(Reuters) - An Iowa-based egg producer and two of its executives are facing federal criminal charges in connection with a 2010 salmonella outbreak that led to the recall of more than a half-billion eggs in the United States, according to federal court documents filed Wednesday.
Austin “Jack” DeCoster - once one of the nation’s largest producers of shelled chicken eggs - and his son Peter DeCoster were accused of introducing adulterated food into interstate commerce, according to the court documents. The men, along with their company, Quality Egg LLC, allegedly sold eggs contaminated with the strain of Salmonella Enteriditis that sickened hundreds of people in the United States.
Quality Egg also was charged with at least twice paying bribes to a U.S. Department of Agriculture inspector at its egg plant to get the inspector to allow loads of eggs that failed to meet federal standards to be shipped out for sale, according to the document filed in the federal court in the Northern District of Iowa. The document says the company also used packaging labels that “made the eggs appear to be not as old as they actually were.”
Attorneys representing the DeCosters and the company could not be reached for comment on Wednesday.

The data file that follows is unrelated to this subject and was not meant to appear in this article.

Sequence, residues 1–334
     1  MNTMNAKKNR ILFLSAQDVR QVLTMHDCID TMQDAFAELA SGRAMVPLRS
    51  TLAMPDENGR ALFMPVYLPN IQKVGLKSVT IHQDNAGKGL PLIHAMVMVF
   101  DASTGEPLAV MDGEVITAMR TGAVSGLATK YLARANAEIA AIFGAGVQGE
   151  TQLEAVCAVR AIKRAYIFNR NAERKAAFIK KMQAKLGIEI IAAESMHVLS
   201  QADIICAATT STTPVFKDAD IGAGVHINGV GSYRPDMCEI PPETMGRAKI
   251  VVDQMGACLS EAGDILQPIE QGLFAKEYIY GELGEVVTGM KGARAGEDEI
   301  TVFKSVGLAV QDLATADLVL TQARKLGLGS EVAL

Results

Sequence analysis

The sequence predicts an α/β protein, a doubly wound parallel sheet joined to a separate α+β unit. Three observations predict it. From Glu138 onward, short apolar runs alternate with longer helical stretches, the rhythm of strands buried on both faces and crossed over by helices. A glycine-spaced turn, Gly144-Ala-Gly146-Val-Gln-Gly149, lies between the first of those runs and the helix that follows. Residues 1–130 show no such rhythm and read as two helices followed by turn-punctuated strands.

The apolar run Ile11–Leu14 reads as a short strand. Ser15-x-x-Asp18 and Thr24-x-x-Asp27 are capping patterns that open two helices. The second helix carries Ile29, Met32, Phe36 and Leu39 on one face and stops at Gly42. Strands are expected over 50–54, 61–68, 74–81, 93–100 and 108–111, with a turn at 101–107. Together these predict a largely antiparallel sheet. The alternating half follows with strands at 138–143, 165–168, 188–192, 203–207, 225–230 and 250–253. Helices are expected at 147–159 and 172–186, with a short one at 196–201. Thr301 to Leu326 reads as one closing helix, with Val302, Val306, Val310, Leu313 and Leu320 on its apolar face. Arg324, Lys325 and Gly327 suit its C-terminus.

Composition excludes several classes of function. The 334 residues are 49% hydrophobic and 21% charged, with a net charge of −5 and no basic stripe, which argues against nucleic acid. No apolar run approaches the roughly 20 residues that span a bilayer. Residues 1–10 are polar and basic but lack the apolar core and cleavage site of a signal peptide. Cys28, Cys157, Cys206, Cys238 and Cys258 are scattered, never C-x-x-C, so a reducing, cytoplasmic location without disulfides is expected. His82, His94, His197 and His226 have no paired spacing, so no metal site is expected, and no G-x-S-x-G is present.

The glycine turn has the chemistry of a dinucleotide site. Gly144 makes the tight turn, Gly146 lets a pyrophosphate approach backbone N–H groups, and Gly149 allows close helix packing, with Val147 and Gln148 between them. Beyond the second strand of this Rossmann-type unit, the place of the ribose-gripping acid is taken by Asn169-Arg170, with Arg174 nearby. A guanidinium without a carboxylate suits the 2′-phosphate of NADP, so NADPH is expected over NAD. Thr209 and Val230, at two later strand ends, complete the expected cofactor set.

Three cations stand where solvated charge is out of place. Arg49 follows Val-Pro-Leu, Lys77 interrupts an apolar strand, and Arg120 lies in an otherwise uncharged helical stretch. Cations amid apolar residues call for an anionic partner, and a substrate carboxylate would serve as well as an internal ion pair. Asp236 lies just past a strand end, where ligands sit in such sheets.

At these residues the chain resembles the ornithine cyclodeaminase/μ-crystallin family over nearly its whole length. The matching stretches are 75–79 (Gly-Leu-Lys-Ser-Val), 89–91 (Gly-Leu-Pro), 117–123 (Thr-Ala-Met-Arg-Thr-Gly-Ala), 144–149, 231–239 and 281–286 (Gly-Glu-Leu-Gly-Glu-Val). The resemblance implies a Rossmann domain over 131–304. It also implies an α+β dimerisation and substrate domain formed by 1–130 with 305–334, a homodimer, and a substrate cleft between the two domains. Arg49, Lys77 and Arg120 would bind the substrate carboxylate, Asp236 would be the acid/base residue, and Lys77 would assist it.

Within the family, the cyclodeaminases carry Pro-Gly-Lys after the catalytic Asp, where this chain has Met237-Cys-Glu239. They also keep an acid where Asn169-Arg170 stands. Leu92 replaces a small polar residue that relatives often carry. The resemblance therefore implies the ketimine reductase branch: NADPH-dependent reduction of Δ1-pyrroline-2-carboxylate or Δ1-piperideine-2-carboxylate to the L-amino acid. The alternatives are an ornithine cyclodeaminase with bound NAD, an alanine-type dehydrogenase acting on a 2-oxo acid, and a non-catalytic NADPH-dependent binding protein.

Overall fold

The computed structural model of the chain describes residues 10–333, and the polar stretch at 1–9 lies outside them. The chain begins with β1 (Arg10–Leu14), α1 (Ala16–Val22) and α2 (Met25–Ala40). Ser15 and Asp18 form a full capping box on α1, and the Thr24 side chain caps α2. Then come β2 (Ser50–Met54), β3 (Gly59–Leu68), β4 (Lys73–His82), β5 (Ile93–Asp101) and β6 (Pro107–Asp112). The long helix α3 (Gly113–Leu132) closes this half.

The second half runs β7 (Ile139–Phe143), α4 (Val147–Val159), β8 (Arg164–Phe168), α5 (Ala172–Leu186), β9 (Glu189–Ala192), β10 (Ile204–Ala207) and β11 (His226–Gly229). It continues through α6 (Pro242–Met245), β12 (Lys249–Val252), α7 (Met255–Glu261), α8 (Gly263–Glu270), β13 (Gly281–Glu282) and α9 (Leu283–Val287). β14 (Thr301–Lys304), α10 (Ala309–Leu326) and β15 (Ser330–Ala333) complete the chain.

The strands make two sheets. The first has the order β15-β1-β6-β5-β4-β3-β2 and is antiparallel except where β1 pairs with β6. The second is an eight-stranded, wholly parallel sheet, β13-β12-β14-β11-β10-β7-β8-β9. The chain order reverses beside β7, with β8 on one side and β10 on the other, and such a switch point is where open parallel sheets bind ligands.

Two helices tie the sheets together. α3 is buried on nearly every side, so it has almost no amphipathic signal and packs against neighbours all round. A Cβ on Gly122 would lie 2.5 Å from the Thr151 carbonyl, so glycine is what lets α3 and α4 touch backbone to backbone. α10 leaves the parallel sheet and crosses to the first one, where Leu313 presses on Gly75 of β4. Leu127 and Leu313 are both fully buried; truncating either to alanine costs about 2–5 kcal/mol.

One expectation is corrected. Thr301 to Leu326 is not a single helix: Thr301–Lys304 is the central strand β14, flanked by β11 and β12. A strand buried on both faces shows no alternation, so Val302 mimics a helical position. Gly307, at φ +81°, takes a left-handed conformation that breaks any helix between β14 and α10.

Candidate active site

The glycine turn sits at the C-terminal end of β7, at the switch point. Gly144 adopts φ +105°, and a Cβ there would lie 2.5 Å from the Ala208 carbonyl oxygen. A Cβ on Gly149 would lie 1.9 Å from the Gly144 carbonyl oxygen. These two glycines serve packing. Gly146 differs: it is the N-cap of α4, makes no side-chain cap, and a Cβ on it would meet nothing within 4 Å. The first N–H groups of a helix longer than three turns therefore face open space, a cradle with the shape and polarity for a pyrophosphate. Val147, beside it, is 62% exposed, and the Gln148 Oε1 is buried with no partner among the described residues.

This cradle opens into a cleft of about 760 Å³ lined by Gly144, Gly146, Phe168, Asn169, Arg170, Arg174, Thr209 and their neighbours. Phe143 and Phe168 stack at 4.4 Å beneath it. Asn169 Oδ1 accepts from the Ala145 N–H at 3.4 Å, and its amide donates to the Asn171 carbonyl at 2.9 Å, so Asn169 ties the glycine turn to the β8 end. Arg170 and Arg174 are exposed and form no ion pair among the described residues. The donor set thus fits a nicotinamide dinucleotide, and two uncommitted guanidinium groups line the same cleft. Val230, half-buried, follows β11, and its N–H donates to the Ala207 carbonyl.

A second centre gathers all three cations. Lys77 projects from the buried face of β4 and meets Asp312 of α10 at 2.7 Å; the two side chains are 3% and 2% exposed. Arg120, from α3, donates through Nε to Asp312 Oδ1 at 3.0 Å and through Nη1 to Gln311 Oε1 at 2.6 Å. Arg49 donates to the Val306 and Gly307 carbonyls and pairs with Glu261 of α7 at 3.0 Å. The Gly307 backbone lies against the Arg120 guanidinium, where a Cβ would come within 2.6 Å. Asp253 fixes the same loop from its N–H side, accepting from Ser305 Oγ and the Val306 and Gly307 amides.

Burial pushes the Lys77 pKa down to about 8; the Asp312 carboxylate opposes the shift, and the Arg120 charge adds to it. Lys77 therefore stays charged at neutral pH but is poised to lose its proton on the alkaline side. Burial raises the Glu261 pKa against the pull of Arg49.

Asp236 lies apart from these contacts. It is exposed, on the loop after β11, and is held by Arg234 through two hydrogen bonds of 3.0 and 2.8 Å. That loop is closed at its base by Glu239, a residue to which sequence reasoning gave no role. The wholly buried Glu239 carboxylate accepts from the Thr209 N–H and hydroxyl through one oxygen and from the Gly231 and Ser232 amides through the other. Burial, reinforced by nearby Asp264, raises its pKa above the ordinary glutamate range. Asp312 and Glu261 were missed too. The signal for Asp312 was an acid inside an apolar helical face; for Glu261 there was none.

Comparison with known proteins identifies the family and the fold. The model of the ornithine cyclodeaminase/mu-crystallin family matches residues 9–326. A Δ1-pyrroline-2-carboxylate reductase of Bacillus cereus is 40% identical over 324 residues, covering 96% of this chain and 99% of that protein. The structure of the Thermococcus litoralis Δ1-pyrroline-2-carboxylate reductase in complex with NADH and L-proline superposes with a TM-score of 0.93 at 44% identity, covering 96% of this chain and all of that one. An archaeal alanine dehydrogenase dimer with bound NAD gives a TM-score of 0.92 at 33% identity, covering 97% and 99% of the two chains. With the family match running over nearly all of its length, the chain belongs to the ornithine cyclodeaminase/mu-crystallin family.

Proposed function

The case marks the latest move by federal prosecutors to hold farmers and food companies criminally liable for their involvement in high-profile food-contamination cases in which people have either died or become extremely ill.
Earlier this month, the former manager of Peanut Corporation of America pleaded guilty to fraud and six other criminal counts in connection with a deadly salmonella outbreak that happened five years ago. Last fall, two Colorado farmers pleaded guilty to introducing cantaloupe contaminated with Listeria into the marketplace that killed 35 people and made more than 140 others sick.
The 2010 salmonella outbreak involving the DeCosters and their farms hit just as new federal egg-safety rules had come online, which required producers to do more testing for salmonella and take other precautions.
“I commend the prosecutor for charging the DeCosters,” William Marler, an attorney who represented nearly 100 people from the DeCoster salmonella outbreak, told Reuters on Wednesday. “A criminal charge sends a powerful message to every producer of food in the U.S.”
Two of the charges filed against Quality Egg are felonies. The DeCosters are each being charged with a misdemeanor.
A plea hearing for both the DeCosters and the company has been set for June 3 in federal court in Sioux City, Iowa, according to court documents.
The case is U.S. v Quality Egg, LLC, Austin DeCoster and Peter DeCoster, U.S. District Court, Northern District of Iowa, No. 14-cr-3024.
Reporting By P.J. Huffstutter; Editing by Ken Wills